Q Your fundraising style is rooted in relationship-building. Please explain.
A In my mind, fundraising is about building relationships with people with a shared passion for an institution. It's about connecting their desire to give back to the needs of an institution. Sometimes that will be gifts of money, sometimes that will be gifts of time, and sometimes that will be gifts of resources. There are all kinds of ways that we can each help to make Kellogg stronger.
I loved fundraising at NYU. I can imagine how much more I'm going to love it at Kellogg, because I have an affinity for Kellogg independent of my experience as dean. You develop a passion for a school in your role as dean, and you often have a passion for a school because you went there. I've never had the opportunity to put these things together before.
The idea that I get to sit in a room, share my passion for Kellogg, learn about the people in the room and figure out how they can help move Kellogg's agenda forward is incredibly exciting and energizing.
Q How do you view business-school rankings?
A When viewed collectively, rankings are one signal of an institution's external brand strength and reputation. Several other metrics also speak to these, including the quality of our applicant pool and the strength of our faculty hiring. Kellogg has and continues to be strong on these components. To maintain and strengthen our reputation in the world, we need to keep striving every day toward greater excellence in the four principles I outlined above. If we do this right, the rest follows.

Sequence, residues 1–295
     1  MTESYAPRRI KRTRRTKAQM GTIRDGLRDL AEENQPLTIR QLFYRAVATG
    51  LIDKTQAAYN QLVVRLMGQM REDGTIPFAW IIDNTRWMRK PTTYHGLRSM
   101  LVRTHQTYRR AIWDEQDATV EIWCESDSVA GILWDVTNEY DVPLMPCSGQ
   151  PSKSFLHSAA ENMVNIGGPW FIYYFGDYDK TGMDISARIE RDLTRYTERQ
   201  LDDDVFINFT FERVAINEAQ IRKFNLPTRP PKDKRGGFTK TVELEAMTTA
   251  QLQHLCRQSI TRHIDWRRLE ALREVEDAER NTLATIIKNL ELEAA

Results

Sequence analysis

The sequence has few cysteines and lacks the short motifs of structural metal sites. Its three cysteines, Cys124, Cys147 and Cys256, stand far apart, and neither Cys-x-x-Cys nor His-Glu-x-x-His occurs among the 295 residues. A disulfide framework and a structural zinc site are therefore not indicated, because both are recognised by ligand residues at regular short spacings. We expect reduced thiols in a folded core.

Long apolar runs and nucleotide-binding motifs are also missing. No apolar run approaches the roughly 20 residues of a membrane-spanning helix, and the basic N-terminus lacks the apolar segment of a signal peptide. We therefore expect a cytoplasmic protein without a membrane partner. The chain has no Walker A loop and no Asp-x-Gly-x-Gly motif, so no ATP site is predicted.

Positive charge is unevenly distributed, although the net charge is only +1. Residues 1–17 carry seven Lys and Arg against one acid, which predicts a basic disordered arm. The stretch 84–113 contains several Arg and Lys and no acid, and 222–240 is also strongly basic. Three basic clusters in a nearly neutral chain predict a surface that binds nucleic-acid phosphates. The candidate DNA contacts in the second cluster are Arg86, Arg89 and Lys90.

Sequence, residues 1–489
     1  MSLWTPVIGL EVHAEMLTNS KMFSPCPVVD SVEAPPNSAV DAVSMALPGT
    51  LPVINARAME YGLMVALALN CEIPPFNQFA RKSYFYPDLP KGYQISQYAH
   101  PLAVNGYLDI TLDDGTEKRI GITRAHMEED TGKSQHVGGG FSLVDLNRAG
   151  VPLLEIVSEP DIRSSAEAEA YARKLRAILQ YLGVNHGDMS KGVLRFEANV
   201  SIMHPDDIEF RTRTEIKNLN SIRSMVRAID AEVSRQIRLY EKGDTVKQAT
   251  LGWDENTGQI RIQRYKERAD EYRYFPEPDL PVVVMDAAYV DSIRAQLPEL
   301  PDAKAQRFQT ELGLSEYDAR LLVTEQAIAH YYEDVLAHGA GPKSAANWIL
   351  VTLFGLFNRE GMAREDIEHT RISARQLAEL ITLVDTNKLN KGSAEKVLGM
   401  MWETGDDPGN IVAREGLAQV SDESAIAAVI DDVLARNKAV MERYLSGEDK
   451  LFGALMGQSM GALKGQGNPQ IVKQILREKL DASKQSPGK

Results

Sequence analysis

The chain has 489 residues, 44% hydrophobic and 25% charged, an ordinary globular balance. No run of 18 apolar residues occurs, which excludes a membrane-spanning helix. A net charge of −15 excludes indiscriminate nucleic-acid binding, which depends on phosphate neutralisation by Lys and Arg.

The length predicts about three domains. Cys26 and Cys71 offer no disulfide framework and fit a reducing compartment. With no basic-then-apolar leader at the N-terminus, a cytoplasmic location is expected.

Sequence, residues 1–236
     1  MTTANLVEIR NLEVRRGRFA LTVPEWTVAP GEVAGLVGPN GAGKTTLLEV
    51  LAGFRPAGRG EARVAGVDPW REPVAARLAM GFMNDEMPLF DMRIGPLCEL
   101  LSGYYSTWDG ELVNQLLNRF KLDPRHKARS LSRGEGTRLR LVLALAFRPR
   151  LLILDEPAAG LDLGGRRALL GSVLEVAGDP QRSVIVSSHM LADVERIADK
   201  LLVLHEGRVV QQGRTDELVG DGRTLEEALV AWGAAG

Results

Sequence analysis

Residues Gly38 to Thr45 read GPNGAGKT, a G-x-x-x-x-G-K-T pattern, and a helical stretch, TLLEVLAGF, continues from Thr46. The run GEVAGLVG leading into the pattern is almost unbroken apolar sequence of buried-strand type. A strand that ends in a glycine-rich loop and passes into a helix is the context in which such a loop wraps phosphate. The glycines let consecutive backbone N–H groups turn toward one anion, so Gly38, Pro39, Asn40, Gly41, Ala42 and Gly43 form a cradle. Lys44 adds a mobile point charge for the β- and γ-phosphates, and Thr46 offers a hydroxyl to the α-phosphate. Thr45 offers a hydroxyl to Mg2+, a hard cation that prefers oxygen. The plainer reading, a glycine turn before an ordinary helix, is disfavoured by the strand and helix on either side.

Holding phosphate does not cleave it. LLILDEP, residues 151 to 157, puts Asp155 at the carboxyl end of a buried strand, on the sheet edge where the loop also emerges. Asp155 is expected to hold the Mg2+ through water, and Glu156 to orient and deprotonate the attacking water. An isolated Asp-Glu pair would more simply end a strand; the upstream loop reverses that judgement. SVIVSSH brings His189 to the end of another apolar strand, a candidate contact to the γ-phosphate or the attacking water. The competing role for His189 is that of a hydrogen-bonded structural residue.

Q Please talk about the importance of global awareness in business education.
A If our job in academic institutions is to study the world as it is, globalism is an obvious fact. But you want globalism with local grounding. We don't want people to become a part of the global wandering elites, who never commit to a community. We want people who are grounded in a local culture and local set of values — because that's how you build relationships and social institutions — but who also understand how that local community is interconnected to the rest of the world. I don't want people to mistake globalism for simply having a broad and flexible world view. That's incredibly important. But the only way to build strong organizations and social institutions and cultivate new leaders is to be locally grounded with a global perspective.
Q What is your vision for management education?
When people ask me to start focusing on the MBA market, I understand what they mean and I understand that by nature I have to think about that — but I'm not in this field to be part of an MBA market. I'm in this field to help people build strong and resilient organizations and institutions that benefit society for generations to come. I'm in this field to educate the leaders of the next generation.
A As academics, we have the privilege of working in research universities, where our job is to step a bit apart from society and study it with a critical eye. Our job is to approach business — the dominant social institution of our age — as an engine and a force of change. What we need to be asking ourselves is, why are we doing what we're doing? What is the value we're bringing to society?